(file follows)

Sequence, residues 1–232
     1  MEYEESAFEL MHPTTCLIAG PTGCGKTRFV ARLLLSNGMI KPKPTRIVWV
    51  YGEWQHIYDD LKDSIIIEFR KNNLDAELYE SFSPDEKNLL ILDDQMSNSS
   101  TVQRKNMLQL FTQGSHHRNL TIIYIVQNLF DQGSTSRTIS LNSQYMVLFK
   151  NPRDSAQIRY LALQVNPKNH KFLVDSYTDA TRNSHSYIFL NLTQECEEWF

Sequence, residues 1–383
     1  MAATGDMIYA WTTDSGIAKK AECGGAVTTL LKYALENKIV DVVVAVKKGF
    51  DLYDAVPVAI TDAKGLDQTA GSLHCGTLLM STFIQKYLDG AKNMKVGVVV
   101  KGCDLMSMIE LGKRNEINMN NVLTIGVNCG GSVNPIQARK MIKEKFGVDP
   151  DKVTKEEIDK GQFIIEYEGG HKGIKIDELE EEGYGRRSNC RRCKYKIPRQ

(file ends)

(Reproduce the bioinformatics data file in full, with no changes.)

Sequence, residues 1–232
     1  MEYEESAFEL MHPTTCLIAG PTGCGKTRFV ARLLLSNGMI KPKPTRIVWV
    51  YGEWQHIYDD LKDSIIIEFR KNNLDAELYE SFSPDEKNLL ILDDQMSNSS
   101  TVQRKNMLQL FTQGSHHRNL TIIYIVQNLF DQGSTSRTIS LNSQYMVLFK
   151  NPRDSAQIRY LALQVNPKNH KFLVDSYTDA TRNSHSYIFL NLTQECEEWF

Sequence, residues 1–383
     1  MAATGDMIYA WTTDSGIAKK AECGGAVTTL LKYALENKIV DVVVAVKKGF
    51  DLYDAVPVAI TDAKGLDQTA GSLHCGTLLM STFIQKYLDG AKNMKVGVVV
   101  KGCDLMSMIE LGKRNEINMN NVLTIGVNCG GSVNPIQARK MIKEKFGVDP
   151  DKVTKEEIDK GQFIIEYEGG HKGIKIDELE EEGYGRRSNC RRCKYKIPRQ